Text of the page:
Obesity and Shortness of Breath in COPD

Benefit of Mild to Moderate Obesity in those with COPD

Dennis Jensen, Ph.D., Assistant Professor at McGill University, presented information on the benefit of obesity on shortness of breath in those with COPD at the CHEST Annual Meeting held October 24-28, 2015, in Montreal, Quebec, Canada.
Dennis Jensen, Ph.D., Assistant Professor at McGill University in Montreal

Dennis Jensen, Ph.D., Assistant Professor at McGill University in Montreal

First, Dr. Jensen reviewed how obesity is defined. The most widely used method is called the BMI (body mass index) which is the ratio of weight squared to height using the metric system. Studies show that 54% of the general adult population in the United States and Canada are considered obese based on a BMI of 30 or higher. In general, studies show that obese individuals who have COPD are less active, are hospitalized more, and require more home care compared to those with COPD and are normal weight. Paradoxes     However, there are a few paradoxes when other outcomes are considered. For example, obese individuals with COPD:
  1. have a lower all cause mortality compared with those with COPD of normal weight
  2. can exercise to a higher level (intensity) on a stationary cycle compared with non-obese COPD individuals.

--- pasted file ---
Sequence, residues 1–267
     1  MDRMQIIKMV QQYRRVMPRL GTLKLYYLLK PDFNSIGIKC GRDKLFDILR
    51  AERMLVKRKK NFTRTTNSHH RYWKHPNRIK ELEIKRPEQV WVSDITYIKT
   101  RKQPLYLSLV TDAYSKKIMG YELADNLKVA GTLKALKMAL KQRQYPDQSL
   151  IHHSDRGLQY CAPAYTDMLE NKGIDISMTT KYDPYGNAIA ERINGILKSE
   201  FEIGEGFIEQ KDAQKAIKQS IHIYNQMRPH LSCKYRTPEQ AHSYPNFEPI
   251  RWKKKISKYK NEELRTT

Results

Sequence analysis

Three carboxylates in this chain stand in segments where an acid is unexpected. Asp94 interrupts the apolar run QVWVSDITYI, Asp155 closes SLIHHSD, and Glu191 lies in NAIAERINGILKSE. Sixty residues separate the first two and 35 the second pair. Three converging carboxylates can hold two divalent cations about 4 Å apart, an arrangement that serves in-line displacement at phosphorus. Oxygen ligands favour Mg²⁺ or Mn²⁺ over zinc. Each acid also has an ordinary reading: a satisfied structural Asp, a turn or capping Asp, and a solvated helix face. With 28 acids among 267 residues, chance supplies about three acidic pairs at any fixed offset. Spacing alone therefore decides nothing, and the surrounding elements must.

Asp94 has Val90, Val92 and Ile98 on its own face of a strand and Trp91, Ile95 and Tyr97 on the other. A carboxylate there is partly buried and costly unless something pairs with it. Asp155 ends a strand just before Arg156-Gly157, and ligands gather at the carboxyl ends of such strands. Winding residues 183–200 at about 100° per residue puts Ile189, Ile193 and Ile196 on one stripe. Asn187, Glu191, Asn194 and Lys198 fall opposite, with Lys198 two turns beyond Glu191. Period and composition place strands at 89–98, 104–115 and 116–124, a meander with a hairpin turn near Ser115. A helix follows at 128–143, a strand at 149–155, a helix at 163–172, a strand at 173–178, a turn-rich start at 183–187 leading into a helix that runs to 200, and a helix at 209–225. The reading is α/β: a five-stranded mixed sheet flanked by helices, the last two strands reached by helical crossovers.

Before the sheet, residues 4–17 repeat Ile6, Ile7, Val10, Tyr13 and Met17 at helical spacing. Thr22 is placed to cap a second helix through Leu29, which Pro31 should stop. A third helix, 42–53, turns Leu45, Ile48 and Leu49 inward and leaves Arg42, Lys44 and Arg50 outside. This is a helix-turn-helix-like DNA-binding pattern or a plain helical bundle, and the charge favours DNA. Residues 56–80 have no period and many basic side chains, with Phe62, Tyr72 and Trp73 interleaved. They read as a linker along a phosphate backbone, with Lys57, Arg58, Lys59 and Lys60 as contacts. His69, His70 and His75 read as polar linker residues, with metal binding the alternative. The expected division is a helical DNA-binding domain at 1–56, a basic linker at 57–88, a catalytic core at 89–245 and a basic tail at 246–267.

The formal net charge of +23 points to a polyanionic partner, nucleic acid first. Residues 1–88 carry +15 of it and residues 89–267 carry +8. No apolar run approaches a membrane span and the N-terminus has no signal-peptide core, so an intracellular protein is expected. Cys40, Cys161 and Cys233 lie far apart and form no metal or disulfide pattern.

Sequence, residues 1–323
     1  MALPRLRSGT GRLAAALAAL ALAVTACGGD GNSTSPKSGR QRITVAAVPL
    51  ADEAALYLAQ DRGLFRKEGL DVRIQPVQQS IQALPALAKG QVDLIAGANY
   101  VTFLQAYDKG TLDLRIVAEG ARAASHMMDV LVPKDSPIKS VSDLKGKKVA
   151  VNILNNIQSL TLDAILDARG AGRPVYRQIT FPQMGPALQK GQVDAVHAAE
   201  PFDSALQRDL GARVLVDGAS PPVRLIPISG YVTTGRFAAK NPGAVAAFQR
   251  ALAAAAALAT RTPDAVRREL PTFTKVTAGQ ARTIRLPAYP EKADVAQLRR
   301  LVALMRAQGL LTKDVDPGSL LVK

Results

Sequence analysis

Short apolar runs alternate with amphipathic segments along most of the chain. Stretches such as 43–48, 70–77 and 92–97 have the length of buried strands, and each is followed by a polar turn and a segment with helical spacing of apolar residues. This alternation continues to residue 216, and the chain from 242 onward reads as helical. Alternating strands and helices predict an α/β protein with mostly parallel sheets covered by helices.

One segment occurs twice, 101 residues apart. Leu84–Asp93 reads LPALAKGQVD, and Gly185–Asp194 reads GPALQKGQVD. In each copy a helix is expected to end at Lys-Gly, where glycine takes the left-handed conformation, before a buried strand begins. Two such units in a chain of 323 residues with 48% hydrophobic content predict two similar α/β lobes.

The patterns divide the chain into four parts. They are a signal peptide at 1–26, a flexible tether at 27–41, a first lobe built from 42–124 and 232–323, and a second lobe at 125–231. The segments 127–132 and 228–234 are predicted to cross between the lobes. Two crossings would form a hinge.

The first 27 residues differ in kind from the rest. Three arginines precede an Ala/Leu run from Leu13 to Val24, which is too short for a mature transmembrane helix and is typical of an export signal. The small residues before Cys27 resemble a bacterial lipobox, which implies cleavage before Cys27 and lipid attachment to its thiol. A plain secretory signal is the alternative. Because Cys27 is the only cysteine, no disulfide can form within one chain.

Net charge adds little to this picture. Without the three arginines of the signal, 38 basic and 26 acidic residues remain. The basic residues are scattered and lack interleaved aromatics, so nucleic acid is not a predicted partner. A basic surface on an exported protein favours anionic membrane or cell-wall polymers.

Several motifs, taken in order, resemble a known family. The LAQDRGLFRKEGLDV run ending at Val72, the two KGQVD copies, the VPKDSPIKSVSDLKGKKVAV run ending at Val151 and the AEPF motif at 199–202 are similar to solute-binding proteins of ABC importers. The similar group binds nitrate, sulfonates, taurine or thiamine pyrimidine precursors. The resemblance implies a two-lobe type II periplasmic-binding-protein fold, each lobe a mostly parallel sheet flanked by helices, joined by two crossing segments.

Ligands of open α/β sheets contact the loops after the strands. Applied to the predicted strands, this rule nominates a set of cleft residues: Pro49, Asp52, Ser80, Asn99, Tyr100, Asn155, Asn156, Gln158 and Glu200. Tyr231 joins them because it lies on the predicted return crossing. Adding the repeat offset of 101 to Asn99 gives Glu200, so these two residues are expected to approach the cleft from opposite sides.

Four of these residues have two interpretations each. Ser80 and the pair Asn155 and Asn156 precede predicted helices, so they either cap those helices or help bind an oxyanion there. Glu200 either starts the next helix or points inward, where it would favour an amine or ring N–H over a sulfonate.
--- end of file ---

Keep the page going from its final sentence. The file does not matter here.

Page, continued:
3. report lower ratings of breathlessness (dyspnea) for the same level of breathing (ventilation) while exercising on the cycle than those with COPD of normal weight
Why?  Extra weight on the chest limits the lungs from over-expanding (called hyperinflation) at rest and during exercise. Hyperinflation occurs in most individuals who have COPD and is a major cause of shortness of breath.
X-ray of the chest showing too much air in the lungs (hyperinflation) and the diaphragm muscle is pushed down.

X-ray of the chest showing too much air in the lungs (hyperinflation). This pushes the diaphragm muscle down and makes it less effective.

  When the extra weight is around the chest (called central obesity- think of an apple and not a pear), not as much hyperinflation takes place with daily activities. This makes it a little easier to breathe. My Comment The information that Dr. Jensen presented led to an interesting discussion, particularly about what happens when someone who is overweight and has COPD loses weight. Is that good or bad for breathing? Dr. Jensen commented that there are no studies that have addressed this.
Dr. Denis O'Donnell, Professor of Medicine at Queen's University, in Kingston, Ontario, Canada

Dr. Denis O’Donnell, Professor of Medicine at Queen’s University, in Kingston, Ontario, Canada

Dr. Denis O’Donnell, another presenter at the session, commented that the benefit of obesity occurs in those with mild to moderate obesity (about 20-30 pounds of extra body weight). Extreme, or morbid, obesity causes more breathing difficulty along with other medical problems.

Donald A. Mahler, M.D. is Emeritus Professor of Medicine at Geisel School of Medicine at Dartmouth in Hanover, New Hampshire. He works as a pulmonary physician at Valley Regional Hospital in Claremont, NH, where he is Director of Respiratory Services.